The appellant testified in his own behalf, indicating that he had gone by the apartment to see about the children on the early morning of October 7, 1982. He stated he lived at his parents' home. He stated that when he opened the door, his former wife asked him if he had brought her some money and when he said that he had not, she grabbed a butcher knife and started chasing him around the apartment. He stated that they wrestled back and forth and that his wife fell and struck her head on a ceramic flower pot shaped like an elephant. He stated that this was how she cut her head. Appellant denied carrying a flashlight to the apartment or striking his wife with a flashlight or his fists.

Intent to take life may be shown by inference, via the character of the assault, the use of a deadly weapon, and other attendant circumstances. Tolliver v. State, 50 Ala.App. 654, 282 So. 2d 92; Roberts v. State, 49 Ala.App. 729, 275 So. 2d 709 (1973).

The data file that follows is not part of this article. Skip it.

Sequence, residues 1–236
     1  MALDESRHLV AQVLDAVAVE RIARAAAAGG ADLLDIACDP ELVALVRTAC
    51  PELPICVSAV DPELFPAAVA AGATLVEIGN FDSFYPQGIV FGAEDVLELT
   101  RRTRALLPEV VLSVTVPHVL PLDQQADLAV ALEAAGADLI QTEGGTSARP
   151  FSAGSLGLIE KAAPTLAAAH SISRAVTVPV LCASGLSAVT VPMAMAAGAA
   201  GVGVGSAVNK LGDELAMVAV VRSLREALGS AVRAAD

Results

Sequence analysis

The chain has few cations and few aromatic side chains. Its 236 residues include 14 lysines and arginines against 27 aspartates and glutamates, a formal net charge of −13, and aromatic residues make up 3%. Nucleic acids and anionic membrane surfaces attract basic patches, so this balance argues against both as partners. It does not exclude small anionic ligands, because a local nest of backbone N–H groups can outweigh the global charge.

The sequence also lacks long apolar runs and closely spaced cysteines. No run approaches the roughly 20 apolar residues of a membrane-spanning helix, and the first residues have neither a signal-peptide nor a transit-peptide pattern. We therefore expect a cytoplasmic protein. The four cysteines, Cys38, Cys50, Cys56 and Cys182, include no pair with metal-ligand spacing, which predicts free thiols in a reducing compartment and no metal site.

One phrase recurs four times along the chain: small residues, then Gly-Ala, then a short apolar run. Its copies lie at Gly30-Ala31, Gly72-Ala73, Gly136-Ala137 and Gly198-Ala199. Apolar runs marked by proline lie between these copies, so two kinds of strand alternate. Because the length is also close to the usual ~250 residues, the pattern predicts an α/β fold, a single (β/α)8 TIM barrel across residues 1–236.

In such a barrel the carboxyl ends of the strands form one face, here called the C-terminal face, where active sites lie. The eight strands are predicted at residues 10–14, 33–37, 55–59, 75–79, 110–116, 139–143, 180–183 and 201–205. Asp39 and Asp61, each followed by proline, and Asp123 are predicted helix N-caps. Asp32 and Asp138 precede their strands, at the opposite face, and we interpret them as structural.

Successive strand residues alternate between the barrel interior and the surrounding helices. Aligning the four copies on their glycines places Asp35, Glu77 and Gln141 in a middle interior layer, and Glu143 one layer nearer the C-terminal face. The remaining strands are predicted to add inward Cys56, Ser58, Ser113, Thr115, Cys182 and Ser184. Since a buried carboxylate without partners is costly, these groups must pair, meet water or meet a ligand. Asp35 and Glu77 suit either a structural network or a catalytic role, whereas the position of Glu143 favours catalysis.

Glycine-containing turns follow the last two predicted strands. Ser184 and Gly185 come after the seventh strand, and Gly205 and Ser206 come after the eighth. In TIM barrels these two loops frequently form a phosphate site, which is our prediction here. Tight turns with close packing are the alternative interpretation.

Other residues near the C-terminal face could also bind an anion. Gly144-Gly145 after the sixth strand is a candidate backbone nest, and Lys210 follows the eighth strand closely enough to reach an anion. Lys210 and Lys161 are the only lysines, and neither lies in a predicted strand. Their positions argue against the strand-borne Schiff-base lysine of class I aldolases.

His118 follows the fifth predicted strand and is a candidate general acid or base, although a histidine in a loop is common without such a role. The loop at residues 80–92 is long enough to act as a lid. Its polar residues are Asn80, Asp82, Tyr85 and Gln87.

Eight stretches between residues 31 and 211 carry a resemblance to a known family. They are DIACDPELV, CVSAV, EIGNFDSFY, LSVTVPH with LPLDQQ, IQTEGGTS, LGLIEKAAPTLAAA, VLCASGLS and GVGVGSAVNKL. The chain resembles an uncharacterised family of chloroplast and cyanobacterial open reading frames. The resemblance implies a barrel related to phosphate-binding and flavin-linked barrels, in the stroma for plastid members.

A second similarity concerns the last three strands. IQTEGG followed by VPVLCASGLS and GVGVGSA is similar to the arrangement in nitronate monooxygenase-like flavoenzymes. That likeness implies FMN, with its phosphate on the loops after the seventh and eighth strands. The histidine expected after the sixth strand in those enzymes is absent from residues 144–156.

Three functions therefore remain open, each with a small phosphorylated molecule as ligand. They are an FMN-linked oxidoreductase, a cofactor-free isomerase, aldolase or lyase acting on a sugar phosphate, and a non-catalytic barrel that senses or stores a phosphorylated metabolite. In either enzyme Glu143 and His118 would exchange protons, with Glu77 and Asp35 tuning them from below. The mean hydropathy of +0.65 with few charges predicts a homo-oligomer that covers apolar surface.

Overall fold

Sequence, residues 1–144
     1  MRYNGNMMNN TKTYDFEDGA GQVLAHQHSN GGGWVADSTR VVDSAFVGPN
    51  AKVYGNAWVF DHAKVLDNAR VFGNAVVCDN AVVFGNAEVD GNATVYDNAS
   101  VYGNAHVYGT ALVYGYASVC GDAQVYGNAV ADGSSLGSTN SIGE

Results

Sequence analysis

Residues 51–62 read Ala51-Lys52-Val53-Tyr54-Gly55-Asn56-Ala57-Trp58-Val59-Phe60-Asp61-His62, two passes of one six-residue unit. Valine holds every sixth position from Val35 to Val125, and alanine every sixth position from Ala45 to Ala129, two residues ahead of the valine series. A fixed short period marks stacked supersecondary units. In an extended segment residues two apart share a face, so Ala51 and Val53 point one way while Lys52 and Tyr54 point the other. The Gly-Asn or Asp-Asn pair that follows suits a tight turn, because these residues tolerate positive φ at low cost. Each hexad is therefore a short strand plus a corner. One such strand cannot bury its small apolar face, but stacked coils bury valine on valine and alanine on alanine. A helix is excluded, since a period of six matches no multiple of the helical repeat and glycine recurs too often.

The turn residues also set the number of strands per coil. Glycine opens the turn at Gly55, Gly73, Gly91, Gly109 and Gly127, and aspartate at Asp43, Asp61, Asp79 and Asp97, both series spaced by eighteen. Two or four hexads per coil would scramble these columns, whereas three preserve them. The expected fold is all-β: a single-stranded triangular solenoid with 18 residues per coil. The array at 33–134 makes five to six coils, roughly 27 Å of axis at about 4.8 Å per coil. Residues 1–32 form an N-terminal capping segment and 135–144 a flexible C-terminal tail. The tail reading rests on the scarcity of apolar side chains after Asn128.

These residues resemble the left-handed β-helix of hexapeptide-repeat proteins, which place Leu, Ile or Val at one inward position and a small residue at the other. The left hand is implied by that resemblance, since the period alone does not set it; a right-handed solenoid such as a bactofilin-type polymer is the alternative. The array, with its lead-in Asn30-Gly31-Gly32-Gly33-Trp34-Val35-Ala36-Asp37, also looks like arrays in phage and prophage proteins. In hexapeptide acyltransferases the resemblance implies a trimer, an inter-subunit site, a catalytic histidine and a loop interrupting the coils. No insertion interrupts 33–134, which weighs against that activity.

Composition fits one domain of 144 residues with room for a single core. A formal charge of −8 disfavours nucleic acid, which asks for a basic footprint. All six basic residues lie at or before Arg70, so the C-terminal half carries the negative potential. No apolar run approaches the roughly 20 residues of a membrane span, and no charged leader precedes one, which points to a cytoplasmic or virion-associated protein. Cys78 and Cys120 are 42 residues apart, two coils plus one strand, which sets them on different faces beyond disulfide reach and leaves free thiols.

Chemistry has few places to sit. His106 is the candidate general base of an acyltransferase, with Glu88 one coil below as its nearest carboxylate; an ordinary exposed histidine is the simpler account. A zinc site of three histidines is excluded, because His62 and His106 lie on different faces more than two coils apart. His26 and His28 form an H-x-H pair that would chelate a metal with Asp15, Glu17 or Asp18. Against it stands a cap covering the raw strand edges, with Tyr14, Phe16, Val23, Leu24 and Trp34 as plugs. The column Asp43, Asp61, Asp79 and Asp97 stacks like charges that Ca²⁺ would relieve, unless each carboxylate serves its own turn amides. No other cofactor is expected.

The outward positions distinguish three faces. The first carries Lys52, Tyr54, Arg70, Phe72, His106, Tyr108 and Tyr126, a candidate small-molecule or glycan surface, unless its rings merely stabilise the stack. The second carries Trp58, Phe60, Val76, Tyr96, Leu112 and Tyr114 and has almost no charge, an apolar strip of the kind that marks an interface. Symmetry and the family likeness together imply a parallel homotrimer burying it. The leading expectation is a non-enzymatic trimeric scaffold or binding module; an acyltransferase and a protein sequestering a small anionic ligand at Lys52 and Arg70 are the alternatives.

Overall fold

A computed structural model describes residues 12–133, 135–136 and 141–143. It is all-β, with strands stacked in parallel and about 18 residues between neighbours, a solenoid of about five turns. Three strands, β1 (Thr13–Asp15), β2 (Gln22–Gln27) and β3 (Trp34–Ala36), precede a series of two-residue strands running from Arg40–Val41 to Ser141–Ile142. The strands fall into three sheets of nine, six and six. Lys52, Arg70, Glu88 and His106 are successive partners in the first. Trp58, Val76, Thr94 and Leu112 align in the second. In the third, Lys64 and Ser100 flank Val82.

The appellant does not dispute the fact that he scuffled or wrestled with his former wife, but contended that she fell and struck her head, which resulted in the head injuries. This was in direct conflict with the testimony of the victim, Mrs. Oden, both children, and the neighbor, Mrs. Hoyett.

The jury resolved this issue against the appellant and we think that verdict was properly sustained by the State's evidence. Baldwin v. State, 342 So. 2d 940 (Ala.Cr. App.1977) and authorities therein cited.

After considering all the factors herein set forth, we conclude that the trial judge properly overruled the appellant's motion to exclude the State's evidence, and *128 also properly denied his motion for new trial which challenged the weight and sufficiency of the cause. Baldwin, supra, and authorities therein cited.

There was no exception to the oral charge of the court.

We have carefully examined this entire transcript and find this record free of error. The judgment of the trial court is due to be and the same is hereby affirmed.


All the Judges concur.


[1] The Fifth Amendment to the United States Constitution requires an indictment by a legally constituted and unbiased grand jury.

See also United States v. Sells Engineering, Inc., et al, ___ U.S. ___, 103 S. Ct. 3133, 77 L. Ed. 2d 743 (1983).